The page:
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Feb 16, 2018

It’s Not TV, It’s HBO: Cable Will Cost You More

The pressure is building on Belizeans in the creative industries – broadcasting, both radio and television, and music and the arts – to begin recognizing copyright and intellectual property and pay the requisite fees to satisfy rights holders. Among the first of the major international companies to come calling on Belize is Home Box Office, considered a premium channel which depends entirely on subscribership. But don’t expect the line to be drawn at World Championship Boxing or your favorite movies – the government is under pressure from the U.S. trade representative to enforce copyright compliance across the broadcasting sector, which could put a dent in your pocket. But there is a silver lining to report, and that is that Belizeans in those creative industries can take advantage to protect their own creations from being similarly misused. News Five’s Aaron Humes breaks it all down in the following report.


Aaron Humes, Reporting

Thursday’s meeting between members of the Belize Cable TV Operators Association and representatives of HBO Latin America comes at a critical time for the broadcasting industry in Belize and the region. President Evan Tench, who declined an interview at this time as negotiations with HBO are ongoing, said it has been three years since those negotiations started. And they will add up to significant changes for Belizeans’ TV viewing habits, according to attorney specializing in intellectual property and copyright, Marissa Longsworth. She cites the example of her native Jamaica.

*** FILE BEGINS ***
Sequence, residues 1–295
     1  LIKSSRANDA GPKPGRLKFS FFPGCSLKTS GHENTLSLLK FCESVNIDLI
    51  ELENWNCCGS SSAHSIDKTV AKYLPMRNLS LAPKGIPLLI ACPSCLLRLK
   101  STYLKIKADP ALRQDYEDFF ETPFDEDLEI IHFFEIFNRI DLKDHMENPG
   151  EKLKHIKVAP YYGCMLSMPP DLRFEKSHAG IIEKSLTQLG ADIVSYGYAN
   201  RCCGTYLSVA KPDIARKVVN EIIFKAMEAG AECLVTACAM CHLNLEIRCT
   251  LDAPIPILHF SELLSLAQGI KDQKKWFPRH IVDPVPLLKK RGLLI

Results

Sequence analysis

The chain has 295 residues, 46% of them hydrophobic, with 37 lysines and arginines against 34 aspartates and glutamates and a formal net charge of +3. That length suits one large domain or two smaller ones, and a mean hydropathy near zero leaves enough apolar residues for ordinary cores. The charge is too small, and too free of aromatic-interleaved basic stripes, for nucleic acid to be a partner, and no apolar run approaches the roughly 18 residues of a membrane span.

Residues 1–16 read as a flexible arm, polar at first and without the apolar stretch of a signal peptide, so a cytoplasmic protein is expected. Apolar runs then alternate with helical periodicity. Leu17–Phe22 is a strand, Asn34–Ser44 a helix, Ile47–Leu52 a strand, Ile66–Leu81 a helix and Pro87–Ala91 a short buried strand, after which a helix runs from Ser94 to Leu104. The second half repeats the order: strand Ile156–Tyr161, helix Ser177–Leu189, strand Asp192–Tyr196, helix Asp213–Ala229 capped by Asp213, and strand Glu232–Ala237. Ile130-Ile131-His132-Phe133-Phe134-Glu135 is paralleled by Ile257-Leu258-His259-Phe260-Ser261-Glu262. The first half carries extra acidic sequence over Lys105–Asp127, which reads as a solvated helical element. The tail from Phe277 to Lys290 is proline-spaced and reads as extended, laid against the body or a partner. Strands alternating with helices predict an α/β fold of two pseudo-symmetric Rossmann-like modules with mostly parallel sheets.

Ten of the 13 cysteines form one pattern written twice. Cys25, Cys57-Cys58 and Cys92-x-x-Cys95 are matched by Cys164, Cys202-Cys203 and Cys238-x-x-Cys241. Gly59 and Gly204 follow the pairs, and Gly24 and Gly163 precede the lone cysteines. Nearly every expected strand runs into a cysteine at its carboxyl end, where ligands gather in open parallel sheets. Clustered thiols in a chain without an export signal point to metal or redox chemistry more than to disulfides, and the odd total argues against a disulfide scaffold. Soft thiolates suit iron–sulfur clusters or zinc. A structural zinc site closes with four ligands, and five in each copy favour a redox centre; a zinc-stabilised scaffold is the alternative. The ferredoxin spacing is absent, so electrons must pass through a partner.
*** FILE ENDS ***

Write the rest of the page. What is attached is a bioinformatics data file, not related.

Marissa Longsworth

Marissa Longsworth, In-House Attorney, CILGlobal IP Ltd.

“When we look at this aspect of what is happening with contracting and enforcement of IP for compliance, this is one subset of what we have discussed in the plan, that copyright compliance will become necessary. It is something that the Government of Belize is aware of; it’s something that almost everybody that is very involved in IP is aware of because in 2014, 2015, Jamaica went through this exact same issue. I was present in Jamaica, working in the field at the time when this happened in 2015. So really and truly it was sort of a matter of time before these programmers reached Belize. In Jamaica, what ended up happening was one day, twenty-two channels were cut from the cable packages in a single day. And that goes to show you that once there is a recognition of the fact that compliance is necessary and the programmers are serious, once those programmers put their foot down there is really not much we can do. Because the facts are clear: they created it, they are not being paid for it, and they have a right to enforce against the usage of the content they’ve created.”


That is the extreme scenario, but the presence of Phil Welcome, Director of Anti-Piracy for HBO Latin America at Thursday’s meeting, according to Tench, makes it frighteningly plausible. More likely to happen is that Belizeans will pay more, or separately, for premium channels such as HBO, Starz, Showtime, Cinemax and so on and favorite movies and sports shows will disappear from local television stations.